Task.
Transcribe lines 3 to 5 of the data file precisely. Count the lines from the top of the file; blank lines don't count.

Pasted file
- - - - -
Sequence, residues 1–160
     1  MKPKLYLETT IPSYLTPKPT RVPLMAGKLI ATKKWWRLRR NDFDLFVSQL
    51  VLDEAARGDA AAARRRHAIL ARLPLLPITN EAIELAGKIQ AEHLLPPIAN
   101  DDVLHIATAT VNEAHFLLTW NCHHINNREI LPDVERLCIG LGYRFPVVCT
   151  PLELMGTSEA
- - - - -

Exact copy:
    51  VLDEAARGDA AAARRRHAIL ARLPLLPITN EAIELAGKIQ AEHLLPPIAN
   101  DDVLHIATAT VNEAHFLLTW NCHHINNREI LPDVERLCIG LGYRFPVVCT
   151  PLELMGTSEA